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Where Did Coffee Come From?

This is an interesting question for any Java junkie, and it may have you scratching your head… The truth of the matter is that coffee has an intricate and dark history that will catch your attention and make you appreciate your daily cup of Joe even more!

Coffee was rumored to have been discovered in Ethiopia by a goat-herder that noticed his goats acting energetic after eating coffee beans from a tree. From this point, Java was seen as a source of energy and stamina, and it was often used by ancient Ethiopians to roll with animal fat to give them energy for battle. Whatever floats your boat…

Interestingly enough, the earliest record of Java was before the discovery in Ethiopia in 900 BC. At this time, coffee was said to have been used as medicine by Arabian doctors, but this is the only historical mention of coffee before becoming popularized in Ethiopia. From that time, more people began to consume coffee beans, and Java began to be farmed in Yemen, Arabia, and Egypt. By the time that 1445 rolled around, Java was a part of every culture, including Turkey. According to custom, Turkish women were allowed to divorce their husbands if they did not provide enough daily coffee to them. Quite interesting!

Nonetheless, other cultures felt differently about Java, even going so far as to ban it. In the 16th century, Pope Clement VIII was requested by the priests for coffee to be banned, but he chose to decline. Coffee was next introduced in the 1600s to North America by Captain John Smith, who was the founder of Jamestown, Virginia. Soon the first coffee house would open in London, which was the first place in the world to start a tipping policy. The rumor was that tipping stood for “To Insure Prompt Service”.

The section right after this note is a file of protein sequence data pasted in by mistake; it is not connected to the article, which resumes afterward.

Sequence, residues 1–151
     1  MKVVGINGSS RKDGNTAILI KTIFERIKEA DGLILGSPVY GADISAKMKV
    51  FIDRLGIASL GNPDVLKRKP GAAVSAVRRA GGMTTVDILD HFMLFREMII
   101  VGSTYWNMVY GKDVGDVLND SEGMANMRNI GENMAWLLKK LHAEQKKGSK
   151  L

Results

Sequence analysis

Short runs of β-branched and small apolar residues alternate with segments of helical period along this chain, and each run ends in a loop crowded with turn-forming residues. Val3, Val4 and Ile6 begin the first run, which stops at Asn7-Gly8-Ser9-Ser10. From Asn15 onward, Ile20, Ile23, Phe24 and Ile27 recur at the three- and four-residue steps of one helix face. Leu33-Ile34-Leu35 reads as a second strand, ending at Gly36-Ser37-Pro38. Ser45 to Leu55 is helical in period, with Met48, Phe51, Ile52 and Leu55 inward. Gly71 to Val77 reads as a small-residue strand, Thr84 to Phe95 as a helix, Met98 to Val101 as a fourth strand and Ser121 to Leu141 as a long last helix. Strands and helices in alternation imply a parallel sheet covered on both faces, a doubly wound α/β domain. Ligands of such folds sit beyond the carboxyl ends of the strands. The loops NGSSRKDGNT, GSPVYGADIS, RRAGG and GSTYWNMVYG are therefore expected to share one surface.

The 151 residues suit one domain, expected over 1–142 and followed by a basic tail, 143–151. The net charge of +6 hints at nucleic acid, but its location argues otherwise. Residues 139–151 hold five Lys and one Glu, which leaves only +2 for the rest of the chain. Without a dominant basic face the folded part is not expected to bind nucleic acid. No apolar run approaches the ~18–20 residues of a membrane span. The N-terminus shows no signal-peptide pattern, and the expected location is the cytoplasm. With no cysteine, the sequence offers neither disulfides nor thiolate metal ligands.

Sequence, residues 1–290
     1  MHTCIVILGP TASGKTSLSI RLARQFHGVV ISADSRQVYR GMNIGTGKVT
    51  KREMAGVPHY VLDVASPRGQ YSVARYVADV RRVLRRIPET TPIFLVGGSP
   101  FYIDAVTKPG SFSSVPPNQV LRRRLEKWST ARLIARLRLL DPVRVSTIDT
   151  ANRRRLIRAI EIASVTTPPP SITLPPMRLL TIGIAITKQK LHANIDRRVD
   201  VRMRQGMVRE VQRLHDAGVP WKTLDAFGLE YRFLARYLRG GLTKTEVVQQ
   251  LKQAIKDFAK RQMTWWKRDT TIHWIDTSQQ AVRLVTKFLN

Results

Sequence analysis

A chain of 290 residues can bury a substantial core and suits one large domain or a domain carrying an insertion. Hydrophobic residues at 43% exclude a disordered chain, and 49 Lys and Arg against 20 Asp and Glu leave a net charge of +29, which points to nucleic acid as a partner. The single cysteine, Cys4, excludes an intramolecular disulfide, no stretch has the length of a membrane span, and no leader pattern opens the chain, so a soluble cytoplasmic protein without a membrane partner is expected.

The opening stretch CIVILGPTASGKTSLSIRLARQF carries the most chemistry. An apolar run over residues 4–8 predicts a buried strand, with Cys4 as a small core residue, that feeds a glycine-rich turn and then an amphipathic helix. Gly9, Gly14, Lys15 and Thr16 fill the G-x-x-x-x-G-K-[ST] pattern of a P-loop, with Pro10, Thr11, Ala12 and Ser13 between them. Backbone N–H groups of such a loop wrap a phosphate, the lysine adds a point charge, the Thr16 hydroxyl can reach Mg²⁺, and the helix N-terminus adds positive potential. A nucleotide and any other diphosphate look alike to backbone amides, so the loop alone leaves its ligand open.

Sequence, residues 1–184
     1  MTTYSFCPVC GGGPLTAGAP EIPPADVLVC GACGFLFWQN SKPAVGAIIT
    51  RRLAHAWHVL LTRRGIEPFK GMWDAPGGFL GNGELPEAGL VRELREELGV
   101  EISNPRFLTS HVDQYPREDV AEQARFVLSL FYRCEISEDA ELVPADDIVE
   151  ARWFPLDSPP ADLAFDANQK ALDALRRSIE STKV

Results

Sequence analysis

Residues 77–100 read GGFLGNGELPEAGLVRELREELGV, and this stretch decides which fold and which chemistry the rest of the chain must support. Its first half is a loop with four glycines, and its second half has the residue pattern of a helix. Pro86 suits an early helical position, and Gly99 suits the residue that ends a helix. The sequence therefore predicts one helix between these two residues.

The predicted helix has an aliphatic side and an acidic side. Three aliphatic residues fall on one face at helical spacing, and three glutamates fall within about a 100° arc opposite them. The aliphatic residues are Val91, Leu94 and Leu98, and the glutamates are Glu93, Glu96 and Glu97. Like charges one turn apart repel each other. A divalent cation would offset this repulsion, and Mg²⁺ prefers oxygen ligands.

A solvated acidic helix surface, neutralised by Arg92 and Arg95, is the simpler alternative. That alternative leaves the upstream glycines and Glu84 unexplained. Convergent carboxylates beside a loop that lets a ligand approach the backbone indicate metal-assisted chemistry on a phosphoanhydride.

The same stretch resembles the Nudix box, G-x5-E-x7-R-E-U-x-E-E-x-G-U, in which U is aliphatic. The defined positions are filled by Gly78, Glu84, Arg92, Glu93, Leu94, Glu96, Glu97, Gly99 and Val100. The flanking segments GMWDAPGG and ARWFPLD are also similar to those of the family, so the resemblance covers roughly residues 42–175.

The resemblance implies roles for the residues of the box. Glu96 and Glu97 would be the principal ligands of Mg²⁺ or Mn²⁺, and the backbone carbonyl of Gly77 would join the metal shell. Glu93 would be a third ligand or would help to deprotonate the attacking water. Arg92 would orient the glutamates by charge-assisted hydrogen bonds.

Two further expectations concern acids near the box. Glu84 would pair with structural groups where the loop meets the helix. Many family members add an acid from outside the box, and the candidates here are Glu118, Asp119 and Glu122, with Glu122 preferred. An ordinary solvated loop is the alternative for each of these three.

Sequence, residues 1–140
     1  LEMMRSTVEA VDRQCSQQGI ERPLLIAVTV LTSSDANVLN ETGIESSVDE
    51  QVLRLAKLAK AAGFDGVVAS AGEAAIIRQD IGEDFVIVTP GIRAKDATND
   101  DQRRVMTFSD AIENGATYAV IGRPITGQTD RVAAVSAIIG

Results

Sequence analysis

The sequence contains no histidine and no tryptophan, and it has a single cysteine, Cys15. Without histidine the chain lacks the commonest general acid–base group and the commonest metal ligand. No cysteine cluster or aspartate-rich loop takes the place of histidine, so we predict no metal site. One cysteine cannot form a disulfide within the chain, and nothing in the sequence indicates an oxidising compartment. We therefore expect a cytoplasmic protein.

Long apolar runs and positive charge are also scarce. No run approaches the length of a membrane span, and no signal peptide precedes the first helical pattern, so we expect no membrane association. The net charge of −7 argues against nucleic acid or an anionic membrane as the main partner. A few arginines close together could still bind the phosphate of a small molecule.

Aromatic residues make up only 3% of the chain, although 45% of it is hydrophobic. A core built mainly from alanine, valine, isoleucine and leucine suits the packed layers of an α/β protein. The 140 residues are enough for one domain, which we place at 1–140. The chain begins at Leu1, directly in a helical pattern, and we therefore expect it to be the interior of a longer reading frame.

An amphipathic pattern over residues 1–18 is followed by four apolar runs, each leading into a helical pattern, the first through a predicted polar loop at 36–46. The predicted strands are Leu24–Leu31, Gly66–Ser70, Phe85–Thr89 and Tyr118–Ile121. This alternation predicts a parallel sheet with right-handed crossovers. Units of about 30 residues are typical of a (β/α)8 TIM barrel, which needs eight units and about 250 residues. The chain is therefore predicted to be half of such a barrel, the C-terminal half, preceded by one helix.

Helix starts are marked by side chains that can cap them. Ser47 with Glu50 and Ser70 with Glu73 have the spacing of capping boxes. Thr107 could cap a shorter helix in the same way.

Coffee drinking was again opposed in 1656 when it was banned by the Ottoman Empire. Anyone caught drinking Java during this ban was punished severely by being dunked in water inside of a leather bag. However, just 10 short years later, Louis XIV was introduced by a Turkish Ambassador to coffee as it became popular in Europe. Around that same time, the first Java trader became licensed in America in 1670 named Dorothy Jones, who lived in Boston.

Within that time period, the Women’s Petition Against Coffee took place in England, since women were not allowed in coffee shops. Coffee houses were primarily used by men for socializing and strategizing, and the women felt that coffee houses were inappropriate and should be banned.

Coffee cups came into existence in the 1700s, when handles were developed for coffee bowls in Europe. Java was initially consumed in bowls, but handles give a convenient opportunity to easily hold the small cup while sipping.

As you can see, Java has a truly complex history, and this is only the tip of the iceberg. Once you understand how far Java has come worldwide in every culture, you can appreciate your morning cup of Joe even more!